An indie rock musician makes a film soundtrack. You know what’s next: abstract, tuneless bleepings; tastefully reverberated clunkings; dissonant bowed strings signifying loneliness . . . so much loneliness. But there’s nothing like that here. Looking For Leonard is a soundtrack album, but it’s still a Mac McCaughan record. The leader of Superchunk and renown side project slut is incapable of doing anything untuneful, and this is no exception.
McCaughan, working here under his Portastatic moniker, has chosen to interpret his role as film composer in the classical sense. His big, brash compositions evoke Angelo Badalamenti or even John Williams (in a good way), meaning they work quite well as pop songs. Whether or not they work as film music is a different question—one that’s irrelevant for now since the film is still unreleased—but as an instrumental pop record, Looking For Leonard is an unpretentious gem.
McCaughan’s first smart decision is to use instruments he is familiar with: mainly rock instruments. Besides guitar and some very live sounding drums, there are the inevitable movie strings. Though normally a sappy downer, here they are recorded close-up and rosiny, more Mellotron than symphony orchestra. On the quiet songs, McCaughan makes particularly elegant use of feedback, at times evoking Ry Cooder or even Neil Young in Jim Jarmusch’s Dead Man.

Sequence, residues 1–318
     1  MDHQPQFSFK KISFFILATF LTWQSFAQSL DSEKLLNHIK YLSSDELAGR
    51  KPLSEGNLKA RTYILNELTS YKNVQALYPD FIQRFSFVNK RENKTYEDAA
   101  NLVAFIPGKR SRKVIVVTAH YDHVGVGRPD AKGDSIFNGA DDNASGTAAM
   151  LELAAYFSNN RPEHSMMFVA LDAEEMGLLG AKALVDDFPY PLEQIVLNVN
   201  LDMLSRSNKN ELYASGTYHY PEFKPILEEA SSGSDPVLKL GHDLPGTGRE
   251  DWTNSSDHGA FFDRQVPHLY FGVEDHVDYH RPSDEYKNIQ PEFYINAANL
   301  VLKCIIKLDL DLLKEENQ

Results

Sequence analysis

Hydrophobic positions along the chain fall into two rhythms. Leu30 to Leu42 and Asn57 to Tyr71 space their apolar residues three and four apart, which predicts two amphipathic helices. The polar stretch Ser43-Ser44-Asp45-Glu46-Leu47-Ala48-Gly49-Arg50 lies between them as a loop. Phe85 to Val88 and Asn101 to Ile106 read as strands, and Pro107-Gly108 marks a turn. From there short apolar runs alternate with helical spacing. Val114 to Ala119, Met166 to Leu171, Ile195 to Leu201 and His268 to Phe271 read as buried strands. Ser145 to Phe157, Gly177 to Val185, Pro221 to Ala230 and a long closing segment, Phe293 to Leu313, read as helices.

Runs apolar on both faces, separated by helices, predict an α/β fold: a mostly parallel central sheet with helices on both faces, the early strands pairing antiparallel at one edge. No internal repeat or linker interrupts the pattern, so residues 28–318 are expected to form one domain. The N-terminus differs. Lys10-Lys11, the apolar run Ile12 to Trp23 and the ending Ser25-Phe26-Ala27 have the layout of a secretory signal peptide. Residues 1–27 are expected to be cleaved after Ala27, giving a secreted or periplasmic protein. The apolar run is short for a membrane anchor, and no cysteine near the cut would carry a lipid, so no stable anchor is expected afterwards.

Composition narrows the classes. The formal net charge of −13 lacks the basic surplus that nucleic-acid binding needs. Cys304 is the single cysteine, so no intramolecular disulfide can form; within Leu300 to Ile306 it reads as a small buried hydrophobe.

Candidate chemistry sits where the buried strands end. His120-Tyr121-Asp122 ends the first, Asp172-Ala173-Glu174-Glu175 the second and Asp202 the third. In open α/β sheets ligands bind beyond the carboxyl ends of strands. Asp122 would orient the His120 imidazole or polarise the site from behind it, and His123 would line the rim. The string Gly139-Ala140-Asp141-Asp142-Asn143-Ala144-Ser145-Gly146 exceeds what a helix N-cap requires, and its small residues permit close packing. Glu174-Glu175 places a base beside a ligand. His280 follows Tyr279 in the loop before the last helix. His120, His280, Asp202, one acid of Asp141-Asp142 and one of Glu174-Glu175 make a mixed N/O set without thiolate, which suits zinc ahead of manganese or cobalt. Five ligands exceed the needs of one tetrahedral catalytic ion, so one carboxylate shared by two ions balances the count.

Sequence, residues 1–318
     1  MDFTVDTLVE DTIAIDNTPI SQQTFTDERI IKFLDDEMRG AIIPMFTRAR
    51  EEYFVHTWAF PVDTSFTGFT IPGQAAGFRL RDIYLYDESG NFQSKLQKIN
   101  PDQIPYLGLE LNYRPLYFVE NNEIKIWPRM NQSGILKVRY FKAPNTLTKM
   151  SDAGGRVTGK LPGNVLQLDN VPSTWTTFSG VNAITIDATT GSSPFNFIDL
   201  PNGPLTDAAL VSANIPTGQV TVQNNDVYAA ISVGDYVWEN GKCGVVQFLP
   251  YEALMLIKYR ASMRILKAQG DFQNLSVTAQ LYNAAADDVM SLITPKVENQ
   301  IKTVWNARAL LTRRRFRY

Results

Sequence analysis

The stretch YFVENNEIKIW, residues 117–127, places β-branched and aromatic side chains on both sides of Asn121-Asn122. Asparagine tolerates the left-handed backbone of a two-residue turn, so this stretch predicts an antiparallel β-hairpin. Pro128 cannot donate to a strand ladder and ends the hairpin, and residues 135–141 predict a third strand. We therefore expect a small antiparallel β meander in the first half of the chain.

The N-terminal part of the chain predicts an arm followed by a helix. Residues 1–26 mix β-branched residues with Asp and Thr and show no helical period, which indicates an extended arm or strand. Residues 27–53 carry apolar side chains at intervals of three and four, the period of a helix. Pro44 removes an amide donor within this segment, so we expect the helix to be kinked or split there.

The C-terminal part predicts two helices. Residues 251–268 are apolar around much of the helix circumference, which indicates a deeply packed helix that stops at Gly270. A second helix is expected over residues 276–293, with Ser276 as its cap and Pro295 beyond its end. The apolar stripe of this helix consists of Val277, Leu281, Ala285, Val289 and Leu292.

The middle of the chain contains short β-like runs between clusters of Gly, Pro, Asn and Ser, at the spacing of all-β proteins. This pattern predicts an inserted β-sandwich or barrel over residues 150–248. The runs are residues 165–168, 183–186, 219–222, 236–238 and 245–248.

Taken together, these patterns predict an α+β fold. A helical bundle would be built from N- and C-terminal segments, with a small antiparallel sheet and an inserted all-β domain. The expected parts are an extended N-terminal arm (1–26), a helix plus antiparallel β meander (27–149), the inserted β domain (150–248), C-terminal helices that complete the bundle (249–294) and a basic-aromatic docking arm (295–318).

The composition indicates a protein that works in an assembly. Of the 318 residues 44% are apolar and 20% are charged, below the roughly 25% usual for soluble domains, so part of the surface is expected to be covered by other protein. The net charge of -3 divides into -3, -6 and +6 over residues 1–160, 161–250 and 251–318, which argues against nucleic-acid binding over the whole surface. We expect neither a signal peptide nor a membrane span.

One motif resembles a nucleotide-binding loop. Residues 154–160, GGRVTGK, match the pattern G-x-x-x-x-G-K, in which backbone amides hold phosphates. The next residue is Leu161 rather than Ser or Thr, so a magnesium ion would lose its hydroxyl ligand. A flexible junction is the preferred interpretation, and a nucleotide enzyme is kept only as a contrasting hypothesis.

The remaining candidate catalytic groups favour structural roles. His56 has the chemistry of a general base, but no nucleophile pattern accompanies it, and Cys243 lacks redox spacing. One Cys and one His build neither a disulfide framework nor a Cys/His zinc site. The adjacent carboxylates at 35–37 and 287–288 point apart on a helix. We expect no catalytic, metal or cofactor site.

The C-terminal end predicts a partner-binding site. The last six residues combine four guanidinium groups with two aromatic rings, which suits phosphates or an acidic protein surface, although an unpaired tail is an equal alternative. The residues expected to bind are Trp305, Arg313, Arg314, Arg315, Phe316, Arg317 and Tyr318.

Flipping through the songs on Looking For Leonard uncovers a startling range of styles: power-poppy but mournful on “Looking For Leonard Theme”, country shuffle meets chamber pop on “Stealing Romance”. As on recent Superchunk records, McCaughan seems to be constantly looking for new ways to make pop music interesting.
Although his main band is waning in popularity as the remaining indie guitar rock fans get too old to go to club shows, Mac McCaughan continues to develop as a musician and a songwriter. If unconventional means are what it takes to get his music to the public, then may he continue firing on all available cylinders. Ten-odd years into his career, I doubt even McCaughan knew he had this much music in him.
// Sound Affects
"The man whose songs were recorded by Johnny Cash, Alan Jackson, Ricky Skaggs, David Allan Coe, The Highwaymen, and countless others succumbs to time’s cruel cue that the only token of permanence we have to offer are the effects of shared moments and memories.READ the article